When you read the news about internet suppression in China, you may wonder – how many distinct ways of censorship can there be?
by Eugene Michaels
It seems that the Chinese government has tried and done it all to maintain its power over the domestic internet connection and contents.
Keyword blocking? Check. Man-in-the-middle attack? Check. Deletion of harming posts on social media? Check. URL filtering and IP blocking? Check and check. The list of methods that the Chinese government has cared through may surely go on for a while.
Some people have even been detained for criticising the state on social media or selling VPNs within China. Thus, taking the online restrictions to the offline world.
Furthermore, according to the recent legislation, all the VPNs not approved by the state were supposed to be banned on the 31st of March, 2018. It is already April, but no visible blocking has taken place. Businesses and individuals have been bracing themselves for a massive internet cut-off for months, but everyone is still entirely unsure when or what might happen. The government is not communicating anything about the blocking with the public, nor informing the local businesses about the government-approved VPN connections to be offered as an alternative.
For now, everyone can continue enjoying the access to Facebook and Google, while wondering if this is the last time you post a new status. Just like any other day in China.
Yet, this might leave everyone wondering, what’s next to come? Well, the Chinese government is trying out a method of making the whole internet more “Chinese”. The latest idea of the Communist Party is an establishment of a super media network, dubbed the Voice of China.
The mere repression of the domestic internet contents is no longer enough; now the government has decided to merge three major state-owned radio and TV networks, which shall employ over 14.000 journalists and other staff. Also, the propaganda department of the PRC shall directly control these three media networks. Such a massively centralized media virtually allows the government to control any press message that leaves China. It becomes easier to pour propaganda to the key audiences around the world and dominate the global narrative.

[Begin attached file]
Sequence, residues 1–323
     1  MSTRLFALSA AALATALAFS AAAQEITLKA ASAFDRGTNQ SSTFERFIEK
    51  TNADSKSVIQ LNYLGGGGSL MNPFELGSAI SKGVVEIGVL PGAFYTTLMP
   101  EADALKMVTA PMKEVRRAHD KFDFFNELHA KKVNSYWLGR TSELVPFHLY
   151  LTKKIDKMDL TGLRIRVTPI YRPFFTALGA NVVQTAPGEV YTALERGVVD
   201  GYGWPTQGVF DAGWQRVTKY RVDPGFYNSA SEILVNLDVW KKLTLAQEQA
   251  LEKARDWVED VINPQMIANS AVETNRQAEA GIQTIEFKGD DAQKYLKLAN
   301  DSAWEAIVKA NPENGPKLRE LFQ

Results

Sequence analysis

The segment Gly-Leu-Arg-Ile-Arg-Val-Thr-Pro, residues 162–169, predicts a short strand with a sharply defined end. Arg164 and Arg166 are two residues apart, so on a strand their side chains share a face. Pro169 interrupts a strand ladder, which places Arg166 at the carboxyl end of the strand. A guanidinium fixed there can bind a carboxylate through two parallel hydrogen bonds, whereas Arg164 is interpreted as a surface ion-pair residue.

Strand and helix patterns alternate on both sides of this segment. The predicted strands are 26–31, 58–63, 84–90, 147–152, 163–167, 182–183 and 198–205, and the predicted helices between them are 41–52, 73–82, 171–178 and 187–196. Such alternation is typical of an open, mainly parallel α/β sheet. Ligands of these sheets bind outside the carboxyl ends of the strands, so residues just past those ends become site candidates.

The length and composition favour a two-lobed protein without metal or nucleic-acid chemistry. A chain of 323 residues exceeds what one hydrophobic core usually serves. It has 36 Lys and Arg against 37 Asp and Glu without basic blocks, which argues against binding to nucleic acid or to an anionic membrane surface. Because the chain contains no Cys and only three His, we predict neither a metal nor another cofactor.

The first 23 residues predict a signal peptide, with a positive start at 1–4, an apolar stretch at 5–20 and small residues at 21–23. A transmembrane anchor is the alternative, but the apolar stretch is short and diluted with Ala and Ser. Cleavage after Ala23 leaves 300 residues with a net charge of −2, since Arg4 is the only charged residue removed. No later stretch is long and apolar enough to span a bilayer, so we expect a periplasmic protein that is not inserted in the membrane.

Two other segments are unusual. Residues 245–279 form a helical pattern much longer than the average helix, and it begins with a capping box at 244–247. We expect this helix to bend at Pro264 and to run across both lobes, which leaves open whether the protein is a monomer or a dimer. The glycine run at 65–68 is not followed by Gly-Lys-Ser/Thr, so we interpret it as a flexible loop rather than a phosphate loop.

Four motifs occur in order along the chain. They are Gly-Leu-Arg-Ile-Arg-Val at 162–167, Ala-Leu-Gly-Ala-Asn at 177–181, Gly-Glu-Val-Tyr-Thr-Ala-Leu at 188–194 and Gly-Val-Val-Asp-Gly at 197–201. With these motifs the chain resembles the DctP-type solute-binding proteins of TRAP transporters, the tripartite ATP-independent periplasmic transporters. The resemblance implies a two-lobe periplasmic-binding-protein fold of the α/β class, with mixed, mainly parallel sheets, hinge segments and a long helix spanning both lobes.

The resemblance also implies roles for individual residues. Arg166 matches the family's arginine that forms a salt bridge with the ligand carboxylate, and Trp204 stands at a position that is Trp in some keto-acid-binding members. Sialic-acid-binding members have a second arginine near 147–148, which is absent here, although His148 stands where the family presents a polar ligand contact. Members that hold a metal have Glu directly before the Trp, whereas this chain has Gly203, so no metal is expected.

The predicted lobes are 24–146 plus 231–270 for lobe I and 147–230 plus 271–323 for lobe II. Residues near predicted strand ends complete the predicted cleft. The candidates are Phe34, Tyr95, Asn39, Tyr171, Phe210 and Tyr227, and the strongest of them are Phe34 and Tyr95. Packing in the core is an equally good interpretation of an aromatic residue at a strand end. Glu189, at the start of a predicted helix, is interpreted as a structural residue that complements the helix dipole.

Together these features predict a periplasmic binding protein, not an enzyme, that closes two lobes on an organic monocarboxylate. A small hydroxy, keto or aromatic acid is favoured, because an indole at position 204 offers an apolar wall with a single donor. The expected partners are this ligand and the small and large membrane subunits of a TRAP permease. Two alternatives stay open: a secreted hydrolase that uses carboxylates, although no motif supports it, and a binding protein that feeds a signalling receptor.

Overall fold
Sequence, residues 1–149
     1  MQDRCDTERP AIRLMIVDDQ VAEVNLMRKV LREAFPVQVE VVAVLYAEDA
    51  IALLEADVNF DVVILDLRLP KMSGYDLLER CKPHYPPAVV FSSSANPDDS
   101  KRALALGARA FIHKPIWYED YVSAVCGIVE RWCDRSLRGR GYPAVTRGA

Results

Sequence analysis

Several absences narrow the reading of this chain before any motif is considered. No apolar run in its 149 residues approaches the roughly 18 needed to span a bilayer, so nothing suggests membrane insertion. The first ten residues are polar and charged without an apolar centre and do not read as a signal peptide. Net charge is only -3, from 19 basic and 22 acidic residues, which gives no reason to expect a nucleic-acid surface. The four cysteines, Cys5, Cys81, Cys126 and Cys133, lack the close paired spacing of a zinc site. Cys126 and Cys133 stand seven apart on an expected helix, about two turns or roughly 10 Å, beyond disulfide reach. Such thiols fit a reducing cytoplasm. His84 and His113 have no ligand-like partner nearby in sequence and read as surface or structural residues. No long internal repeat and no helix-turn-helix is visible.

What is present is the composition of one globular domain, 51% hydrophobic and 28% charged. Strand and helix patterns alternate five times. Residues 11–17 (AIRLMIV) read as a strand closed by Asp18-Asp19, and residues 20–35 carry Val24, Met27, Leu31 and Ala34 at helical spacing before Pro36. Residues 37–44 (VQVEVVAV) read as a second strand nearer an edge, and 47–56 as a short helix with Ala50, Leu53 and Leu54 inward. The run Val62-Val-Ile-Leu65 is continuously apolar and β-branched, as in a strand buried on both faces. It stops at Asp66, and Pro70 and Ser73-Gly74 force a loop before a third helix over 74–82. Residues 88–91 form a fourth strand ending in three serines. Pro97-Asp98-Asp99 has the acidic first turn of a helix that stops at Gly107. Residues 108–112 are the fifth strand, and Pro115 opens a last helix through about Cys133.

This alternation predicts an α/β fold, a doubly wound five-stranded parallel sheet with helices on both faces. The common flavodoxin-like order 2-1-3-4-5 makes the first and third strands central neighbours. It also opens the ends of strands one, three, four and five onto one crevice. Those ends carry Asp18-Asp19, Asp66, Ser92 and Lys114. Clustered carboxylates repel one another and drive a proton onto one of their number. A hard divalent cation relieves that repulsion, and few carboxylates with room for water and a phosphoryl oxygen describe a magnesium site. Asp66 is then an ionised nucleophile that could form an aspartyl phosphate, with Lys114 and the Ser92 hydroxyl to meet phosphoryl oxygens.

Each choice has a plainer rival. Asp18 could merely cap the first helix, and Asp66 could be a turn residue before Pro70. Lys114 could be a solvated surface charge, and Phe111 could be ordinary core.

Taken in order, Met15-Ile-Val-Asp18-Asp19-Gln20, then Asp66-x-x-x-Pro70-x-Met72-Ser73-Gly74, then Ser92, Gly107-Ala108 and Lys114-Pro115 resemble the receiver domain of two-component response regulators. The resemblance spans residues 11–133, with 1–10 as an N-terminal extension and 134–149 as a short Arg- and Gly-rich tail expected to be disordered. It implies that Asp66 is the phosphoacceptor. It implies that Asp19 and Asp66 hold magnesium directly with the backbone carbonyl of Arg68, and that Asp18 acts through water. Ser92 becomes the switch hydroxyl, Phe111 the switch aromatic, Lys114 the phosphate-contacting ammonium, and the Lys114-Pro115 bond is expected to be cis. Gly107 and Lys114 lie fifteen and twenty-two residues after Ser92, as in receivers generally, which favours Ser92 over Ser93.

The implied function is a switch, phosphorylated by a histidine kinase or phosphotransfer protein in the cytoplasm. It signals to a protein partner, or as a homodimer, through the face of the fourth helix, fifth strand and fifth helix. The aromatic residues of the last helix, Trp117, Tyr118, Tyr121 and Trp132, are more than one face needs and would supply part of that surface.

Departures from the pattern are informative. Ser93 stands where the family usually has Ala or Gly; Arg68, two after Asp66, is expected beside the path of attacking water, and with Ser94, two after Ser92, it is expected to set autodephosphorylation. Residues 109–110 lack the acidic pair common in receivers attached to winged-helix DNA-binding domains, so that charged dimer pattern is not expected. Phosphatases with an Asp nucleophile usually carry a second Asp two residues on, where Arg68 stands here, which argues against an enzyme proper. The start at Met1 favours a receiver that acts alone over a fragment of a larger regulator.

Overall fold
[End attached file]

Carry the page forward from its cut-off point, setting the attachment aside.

According to a press release from Xinhua (the official press agency of the PRC), the Voice of China has a goal of “propagating the party’s theories, directions, principles, and policies” while communicating positive stories about China with the world.
Nevertheless, such a massive project should not come as a surprise to most China-watchers. Ever since Xi Jinping came to power in 2012, these initiatives have been quite regular.
For example, the Belt & Road Initiative, which was launched in 2013. Its primary focus is the economic and cultural connectivity and collaboration between the Eurasian nations. The initiative includes almost 70 countries across four continents. Some have been calling this colossal project China’s attempt to extend its power across the eastern hemisphere and counterbalance the American influence.
The same has been said about such Chinese projects as the numerous Confucius Institutes, global CCTV broadcasts, and even the international education initiatives, like the Yenching Academy at Peking University. In other words, any time the Chinese government invests money in shaping the public opinion about this nation around the world, someone becomes suspicious.
Still, this specific Voice of China super-network might be a bit too much even for China. While the global community is already criticising the government for massively censoring domestic social media and blocking VPNs, implementing a Chinese-style of internet censorship and propaganda on the global-scale is different.
The censorship of internet is a complex topic no matter how one looks at it. As always, those outside the Firewall of China can only get a small glimpse into what is happening in there. We should stay positive that the Chinese state-control over internet subsidies and eventually disappears. Until that happens, NordVPN is here to protect the privacy of its users against private and governmental entities while giving one of the best gifts of the modern age – the unlimited and democratic internet.
Image: Matteo Damiani
Also published on Medium.